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Wednesday, June 09, 2010
Info from today's meeting of the Nevada State Athletic Commission, to which I listened via teleconference:

Both Brock Lesnar's attorney/agent David Olsen and UFC executive Michael Mersch (who is also a former attorney for the NSAC) are arguing the case to the Nevada commission that Steve Mazzagatti should not be one of the referees considered for the upcoming Brock Lesnar vs. Shane Carwin fight.

They are both arguing that Mazzagatti is biased against Brock Lesnar, and they both cited comments made by UFC president Dana White about Mazzagatti’s competence as grounds for Mazzagatti not being considered.

NSAC Commissioner and Chairwoman Pat Lundvall rejected their claims, so Mazzagatti’s name was officially still on the list of referees under consideration for the fight.

Fortunately from the perspective of Lesnar and the UFC, all of that was a moot point.

The referees are determined by NSAC Executive Director Keith Kizer, who "recommends" the officials for title fights to the commissioners, and I have personally never heard a single instance of the commissioners not accepting his recommendation.

Kizer has never recommended Mazzagatti for a Lesnar fight since Lesnar's first fight against Frank Mir, and he didn't recommend Mazzagatti this time, either. He recommended Josh Rosenthal, and of course, the commissioners immediately and unanimously agreed.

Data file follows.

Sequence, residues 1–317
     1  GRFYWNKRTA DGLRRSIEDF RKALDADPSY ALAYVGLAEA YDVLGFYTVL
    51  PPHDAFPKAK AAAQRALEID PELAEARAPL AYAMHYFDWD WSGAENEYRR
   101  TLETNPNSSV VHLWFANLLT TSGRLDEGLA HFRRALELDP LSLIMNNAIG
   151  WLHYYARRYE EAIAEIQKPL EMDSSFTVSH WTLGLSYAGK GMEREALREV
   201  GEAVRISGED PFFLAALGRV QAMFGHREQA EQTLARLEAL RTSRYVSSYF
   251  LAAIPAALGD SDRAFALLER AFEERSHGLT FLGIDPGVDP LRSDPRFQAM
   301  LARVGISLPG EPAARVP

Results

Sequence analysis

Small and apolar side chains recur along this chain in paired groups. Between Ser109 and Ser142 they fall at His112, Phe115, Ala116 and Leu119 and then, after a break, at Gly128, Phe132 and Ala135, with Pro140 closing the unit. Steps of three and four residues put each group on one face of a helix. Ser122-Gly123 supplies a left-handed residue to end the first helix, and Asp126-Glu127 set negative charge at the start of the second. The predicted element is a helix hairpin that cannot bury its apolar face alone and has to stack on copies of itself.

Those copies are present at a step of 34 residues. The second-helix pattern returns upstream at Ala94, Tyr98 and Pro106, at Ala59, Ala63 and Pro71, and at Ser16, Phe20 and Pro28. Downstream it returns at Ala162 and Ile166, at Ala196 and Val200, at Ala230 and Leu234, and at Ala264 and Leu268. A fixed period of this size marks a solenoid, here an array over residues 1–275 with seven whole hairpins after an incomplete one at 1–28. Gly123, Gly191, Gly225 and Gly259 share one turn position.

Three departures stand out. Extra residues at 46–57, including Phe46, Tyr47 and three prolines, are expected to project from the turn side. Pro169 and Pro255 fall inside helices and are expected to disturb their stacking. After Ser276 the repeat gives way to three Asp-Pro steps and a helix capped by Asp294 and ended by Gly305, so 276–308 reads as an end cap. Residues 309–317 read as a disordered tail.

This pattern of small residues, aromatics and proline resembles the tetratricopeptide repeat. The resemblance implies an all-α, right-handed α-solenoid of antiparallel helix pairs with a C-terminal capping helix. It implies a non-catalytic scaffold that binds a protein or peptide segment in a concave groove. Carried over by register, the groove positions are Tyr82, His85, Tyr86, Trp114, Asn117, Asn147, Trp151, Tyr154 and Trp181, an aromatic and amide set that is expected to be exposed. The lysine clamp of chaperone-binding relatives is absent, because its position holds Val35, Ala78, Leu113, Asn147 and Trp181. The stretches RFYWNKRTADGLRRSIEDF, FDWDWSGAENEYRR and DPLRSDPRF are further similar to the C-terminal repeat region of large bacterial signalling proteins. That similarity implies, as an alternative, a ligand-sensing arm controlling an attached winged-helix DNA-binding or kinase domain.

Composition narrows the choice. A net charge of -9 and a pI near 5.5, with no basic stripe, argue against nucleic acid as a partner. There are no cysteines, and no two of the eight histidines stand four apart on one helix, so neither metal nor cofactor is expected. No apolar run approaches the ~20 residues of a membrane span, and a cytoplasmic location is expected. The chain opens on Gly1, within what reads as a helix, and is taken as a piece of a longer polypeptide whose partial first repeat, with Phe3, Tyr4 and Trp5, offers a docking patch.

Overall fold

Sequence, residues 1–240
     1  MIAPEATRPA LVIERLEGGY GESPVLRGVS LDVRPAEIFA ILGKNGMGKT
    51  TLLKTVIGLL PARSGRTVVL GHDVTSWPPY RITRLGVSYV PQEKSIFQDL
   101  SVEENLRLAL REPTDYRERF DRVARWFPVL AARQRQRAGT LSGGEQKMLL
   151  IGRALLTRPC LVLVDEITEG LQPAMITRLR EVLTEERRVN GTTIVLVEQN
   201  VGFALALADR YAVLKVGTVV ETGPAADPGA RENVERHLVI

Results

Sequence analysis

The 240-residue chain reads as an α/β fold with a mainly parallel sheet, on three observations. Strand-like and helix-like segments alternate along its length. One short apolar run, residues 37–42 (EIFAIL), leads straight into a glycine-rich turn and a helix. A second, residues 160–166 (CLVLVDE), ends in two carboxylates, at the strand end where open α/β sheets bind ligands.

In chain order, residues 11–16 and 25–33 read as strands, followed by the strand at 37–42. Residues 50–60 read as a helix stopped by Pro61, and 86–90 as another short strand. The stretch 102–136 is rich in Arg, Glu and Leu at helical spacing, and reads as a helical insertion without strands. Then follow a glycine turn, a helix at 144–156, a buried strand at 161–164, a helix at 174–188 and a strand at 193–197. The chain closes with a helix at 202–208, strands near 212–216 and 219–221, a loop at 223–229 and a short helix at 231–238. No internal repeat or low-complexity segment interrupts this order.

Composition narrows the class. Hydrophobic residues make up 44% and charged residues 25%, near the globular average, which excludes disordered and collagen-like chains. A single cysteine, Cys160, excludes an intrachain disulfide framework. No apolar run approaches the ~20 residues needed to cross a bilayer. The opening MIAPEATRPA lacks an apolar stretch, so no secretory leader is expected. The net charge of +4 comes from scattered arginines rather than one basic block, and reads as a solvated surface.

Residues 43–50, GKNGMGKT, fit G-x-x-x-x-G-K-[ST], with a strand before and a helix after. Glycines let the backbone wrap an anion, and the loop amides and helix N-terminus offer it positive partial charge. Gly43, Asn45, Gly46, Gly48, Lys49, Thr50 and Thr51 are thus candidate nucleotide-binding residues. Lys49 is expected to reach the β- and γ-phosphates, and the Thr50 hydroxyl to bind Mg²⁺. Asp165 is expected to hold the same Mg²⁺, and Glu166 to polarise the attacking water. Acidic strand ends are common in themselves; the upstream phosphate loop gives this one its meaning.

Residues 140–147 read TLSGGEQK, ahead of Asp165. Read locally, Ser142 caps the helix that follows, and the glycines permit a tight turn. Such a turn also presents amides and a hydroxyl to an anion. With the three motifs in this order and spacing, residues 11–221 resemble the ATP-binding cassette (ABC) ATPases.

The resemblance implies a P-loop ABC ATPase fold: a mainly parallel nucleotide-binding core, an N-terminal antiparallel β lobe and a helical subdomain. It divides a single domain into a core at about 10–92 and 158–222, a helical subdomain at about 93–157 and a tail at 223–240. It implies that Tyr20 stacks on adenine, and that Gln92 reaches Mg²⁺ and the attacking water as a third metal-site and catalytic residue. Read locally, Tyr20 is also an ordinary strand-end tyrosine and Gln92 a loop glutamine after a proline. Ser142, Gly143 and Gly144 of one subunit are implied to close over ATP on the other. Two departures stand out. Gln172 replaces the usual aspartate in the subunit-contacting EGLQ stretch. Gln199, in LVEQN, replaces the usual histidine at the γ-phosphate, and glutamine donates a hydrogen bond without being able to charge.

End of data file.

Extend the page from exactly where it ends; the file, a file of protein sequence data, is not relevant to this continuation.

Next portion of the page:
What was different today is that instead of it just being the usual (Lesnar's attorney basically saying "we don't like Mazzagatti" because of the first Mir fight), this time UFC executive Michael Mersch also testified and he said that Steve Mazzagatti has a perceived bias AND an actual bias against Brock Lesnar.

I have never heard a promoter argue that before, and Commissioner Skip Avansino commented that he doesn't recall Zuffa ever saying this about any official in the past.

Commissioner/Chairwoman Lundvall seemed unconvinced and dismissed Mersch's allegations pretty clearly... but it was all Kabuki Theater because the appointment of officials is always based on who Keith Kizer recommends, and he recommended Josh Rosenthal.


The primary item on the agenda today, unrelated to the selection of officials for the upcoming UFC event, was a very lengthy discussion about drug testing in MMA and boxing.

Hopefully this isn't the case, but the forces of inertia and the status quo might prevent anything from actually changing.

The most anticipated speaker of the day, U.S. Anti-Doping Agency (USADA) head Travis Tygart, is testifying now. His testimony could best be described as very politely explaining the shortcomings of the NSAC's drug testing system.

Tygart emphasized that you need to have both urine testing and blood testing in order to have a legitimate drug testing system that can detect various different kinds of banned substances.